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While science has a place in providing indicators that contribute to the picture of the health and wellbeing of the Whanganui River, science alone is unable to provide the full picture in relation to the metaphysical attributes that contribute to Te Awa Tupua.
From an Iwi perspective the clarity of the water, the purity of the water, the vibrancy of the water is crucial in terms of being able to maintain traditional practices and maintain a state of spiritual well being.
"If we have a burden, if we have an affliction our natural reaction to that is to take it to the river. It’s vitally important that the river’s healthy if it’s going to help us to heal” Turama Hawira - Te Pou Tupua.
The essence of the health and wellbeing of the River is determined by the narrative of Whanganui Iwi and their interactions with the River at place over significant time periods and the impacts they have observed and experienced.
The Whanganui River has not been declared to be a human being nor does it gain the same rights. It has been declared to be a legal person like a company, a corporation, and it gains the same rights they have and for the same reasons so as to ensure access to the law.
Granting these rights assists in enabling greater protection for the health and wellbeing of the River.
Te Awa Tupua is a legal person and has all the rights, powers, duties, and liabilities of a legal person.
Whanganui Iwi have maintained consistently their rights and responsibilities in relation to the Whanganui River in accordance with their tikanga (practices). Those rights and interests have never been relinquished knowingly or willingly.
For further information head to our Historical Journey Page
The new status of the Whanganui River as Te Awa Tupua not only allows for whole of community responsibility in relation to the health and wellbeing of the Whanganui River, but requires a collaborative approach with Tupua Te Kawa at its core, across the many communities within the Whanganui River catchment.
Everyone has a right to interact with Te Awa Tupua and a subsequent responsibility to consider its health and wellbeing at the forefront of these interactions.
The Te Awa Tupua status calls for everyone; iwi, farmers, residents, the tourism, recreation and environmental sectors and all those performing governance and management, central and local, to come together, recognise and be guided by the four intrinsic values (Tupua te Kawa) that represent the essence of Te Awa Tupua.
This provides the opportunity for streamlined planning and decision-making processes and a common platform for lobbying central government.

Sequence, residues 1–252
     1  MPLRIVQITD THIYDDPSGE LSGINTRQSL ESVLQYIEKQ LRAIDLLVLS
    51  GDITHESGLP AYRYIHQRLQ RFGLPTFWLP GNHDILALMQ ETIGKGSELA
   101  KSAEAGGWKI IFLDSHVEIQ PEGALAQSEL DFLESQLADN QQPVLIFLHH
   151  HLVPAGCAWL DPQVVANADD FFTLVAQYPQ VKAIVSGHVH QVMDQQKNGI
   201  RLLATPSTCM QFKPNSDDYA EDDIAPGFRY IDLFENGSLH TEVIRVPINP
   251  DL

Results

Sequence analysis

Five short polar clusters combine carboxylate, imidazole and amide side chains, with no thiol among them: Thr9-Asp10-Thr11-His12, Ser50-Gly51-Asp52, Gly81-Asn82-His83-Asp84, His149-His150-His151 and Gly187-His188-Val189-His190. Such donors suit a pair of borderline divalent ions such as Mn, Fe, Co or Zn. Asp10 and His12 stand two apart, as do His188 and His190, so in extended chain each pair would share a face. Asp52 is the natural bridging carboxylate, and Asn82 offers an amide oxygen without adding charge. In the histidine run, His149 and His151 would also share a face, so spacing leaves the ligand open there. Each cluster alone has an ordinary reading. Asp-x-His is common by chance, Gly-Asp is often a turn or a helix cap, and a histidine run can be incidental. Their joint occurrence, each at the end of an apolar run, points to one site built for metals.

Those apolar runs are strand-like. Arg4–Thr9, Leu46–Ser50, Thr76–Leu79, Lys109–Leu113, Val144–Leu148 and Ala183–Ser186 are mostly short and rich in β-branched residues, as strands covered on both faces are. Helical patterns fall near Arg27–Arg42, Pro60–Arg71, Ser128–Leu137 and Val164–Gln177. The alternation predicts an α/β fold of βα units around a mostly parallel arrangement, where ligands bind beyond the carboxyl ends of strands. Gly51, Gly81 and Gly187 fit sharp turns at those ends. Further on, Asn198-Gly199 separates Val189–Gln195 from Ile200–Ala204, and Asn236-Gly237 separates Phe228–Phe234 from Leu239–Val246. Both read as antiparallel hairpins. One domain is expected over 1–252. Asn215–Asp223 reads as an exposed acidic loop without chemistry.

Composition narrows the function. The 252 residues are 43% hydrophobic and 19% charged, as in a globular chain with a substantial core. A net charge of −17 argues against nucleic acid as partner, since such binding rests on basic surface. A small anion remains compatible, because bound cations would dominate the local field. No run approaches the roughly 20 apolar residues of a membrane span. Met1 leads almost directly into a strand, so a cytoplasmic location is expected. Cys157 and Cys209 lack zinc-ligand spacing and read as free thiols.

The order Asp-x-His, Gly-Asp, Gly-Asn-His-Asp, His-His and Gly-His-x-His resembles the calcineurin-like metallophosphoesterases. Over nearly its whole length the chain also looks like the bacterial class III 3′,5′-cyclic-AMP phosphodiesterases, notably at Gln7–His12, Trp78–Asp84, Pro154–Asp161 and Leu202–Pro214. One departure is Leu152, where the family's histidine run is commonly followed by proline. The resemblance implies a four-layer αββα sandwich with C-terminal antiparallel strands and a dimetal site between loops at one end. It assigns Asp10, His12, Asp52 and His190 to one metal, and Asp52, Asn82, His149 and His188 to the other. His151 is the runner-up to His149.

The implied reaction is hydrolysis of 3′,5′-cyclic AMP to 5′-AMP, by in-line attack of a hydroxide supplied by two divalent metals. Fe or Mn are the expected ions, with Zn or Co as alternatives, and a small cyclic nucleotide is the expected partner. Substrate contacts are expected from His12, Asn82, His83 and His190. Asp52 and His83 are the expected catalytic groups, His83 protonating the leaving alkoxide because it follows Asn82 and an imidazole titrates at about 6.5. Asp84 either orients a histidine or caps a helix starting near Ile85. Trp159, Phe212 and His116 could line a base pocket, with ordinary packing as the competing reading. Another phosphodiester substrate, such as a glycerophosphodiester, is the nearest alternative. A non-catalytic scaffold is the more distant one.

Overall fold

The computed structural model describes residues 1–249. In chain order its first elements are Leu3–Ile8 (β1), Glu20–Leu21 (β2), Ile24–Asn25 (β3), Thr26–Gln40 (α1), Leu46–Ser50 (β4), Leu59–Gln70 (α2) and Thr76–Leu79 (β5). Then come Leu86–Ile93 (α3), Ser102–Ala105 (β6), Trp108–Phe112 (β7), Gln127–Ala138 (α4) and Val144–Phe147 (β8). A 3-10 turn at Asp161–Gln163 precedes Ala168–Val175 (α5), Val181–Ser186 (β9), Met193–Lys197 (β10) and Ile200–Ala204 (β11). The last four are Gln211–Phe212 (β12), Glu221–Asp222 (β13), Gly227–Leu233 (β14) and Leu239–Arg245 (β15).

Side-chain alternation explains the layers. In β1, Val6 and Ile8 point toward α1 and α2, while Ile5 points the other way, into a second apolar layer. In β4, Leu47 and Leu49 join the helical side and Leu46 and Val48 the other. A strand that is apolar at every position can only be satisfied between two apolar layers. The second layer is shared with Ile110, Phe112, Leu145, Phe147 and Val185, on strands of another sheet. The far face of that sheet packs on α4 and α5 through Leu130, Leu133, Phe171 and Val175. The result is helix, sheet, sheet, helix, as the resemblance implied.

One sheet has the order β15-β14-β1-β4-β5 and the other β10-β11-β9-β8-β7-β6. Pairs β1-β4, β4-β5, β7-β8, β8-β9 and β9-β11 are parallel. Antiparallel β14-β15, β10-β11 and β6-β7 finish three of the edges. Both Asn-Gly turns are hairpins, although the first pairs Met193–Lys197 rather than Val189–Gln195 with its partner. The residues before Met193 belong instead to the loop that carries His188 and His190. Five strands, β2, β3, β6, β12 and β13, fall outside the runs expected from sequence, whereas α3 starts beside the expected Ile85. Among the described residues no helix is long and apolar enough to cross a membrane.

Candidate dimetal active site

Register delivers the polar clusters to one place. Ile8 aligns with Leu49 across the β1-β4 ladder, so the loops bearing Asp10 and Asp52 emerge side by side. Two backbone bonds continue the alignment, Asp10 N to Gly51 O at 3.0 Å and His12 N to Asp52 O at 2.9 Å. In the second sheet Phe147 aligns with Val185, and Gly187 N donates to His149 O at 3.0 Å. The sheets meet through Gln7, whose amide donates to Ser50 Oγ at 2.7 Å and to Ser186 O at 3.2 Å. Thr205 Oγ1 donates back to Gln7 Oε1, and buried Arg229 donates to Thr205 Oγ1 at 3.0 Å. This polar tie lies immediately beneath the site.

The Whanganui River Settlement signals not only a change in attitude but an entirely new construct, Te Awa Tupua and the status of legal personhood, as such it has attracted international attention.
There is a large amount of interest from both an environmental and legal standpoint into what has been created through the Te Awa Tupua status.
Numerous links have been made to the 'Rights of Nature' movement. However the Te Awa Tupua status isn't about nature only, it isn't about rights for people, it isn't about rights to culture - it is about obligations and duties to see and place ourselves within natures scheme and ensure that we work with nature rather than against it.
These arrangements are not about ownership in the commonly accepted sense.
Whanganui iwi do not view their relationship with the river in terms of ownership, rather they contend that the river "owns" the iwi, meaning that the iwi has obligations and responsibilities toward the river and the settlement reflects that.
The focus of Whanganui iwi is on the exercise of duties and responsibilities, with all members of the catchment community playing their part in developing the best approach for the river as a whole, not on the creation or assignment of rights and interests.
No one owned the river prior to the settlement as a complete entity and no one owns it post settlement.
However, there are a range of ownership interests in parts of the river including its bed.
Prior to the settlement the Crown owned a significant part of the riverbed in the main stem of river, which was administered by the Commissioner of Crown Lands. The Department of Conservation also held parts of the riverbed under conservation legislation. These parts of the riverbed that were held by the Crown are now held in the name of Te Awa Tupua and administered by Te Pou Tupua.
Privately owned parts of the bed or other private property interests are not affected.
Statutory recognition of Te Awa Tupua unites the river for the purposes of advocating for the interests of the river and enhancing decision-making processes. It does not give the guardians of Te Awa Tupua decision-making rights over private property.
Through the development of Te Heke Ngāhuru - the Te Awa Tupua strategy, private landowners and other interested people will have a greater opportunity for direct input into the long-term future of the river. Find out more about Te Heke Ngāhuru here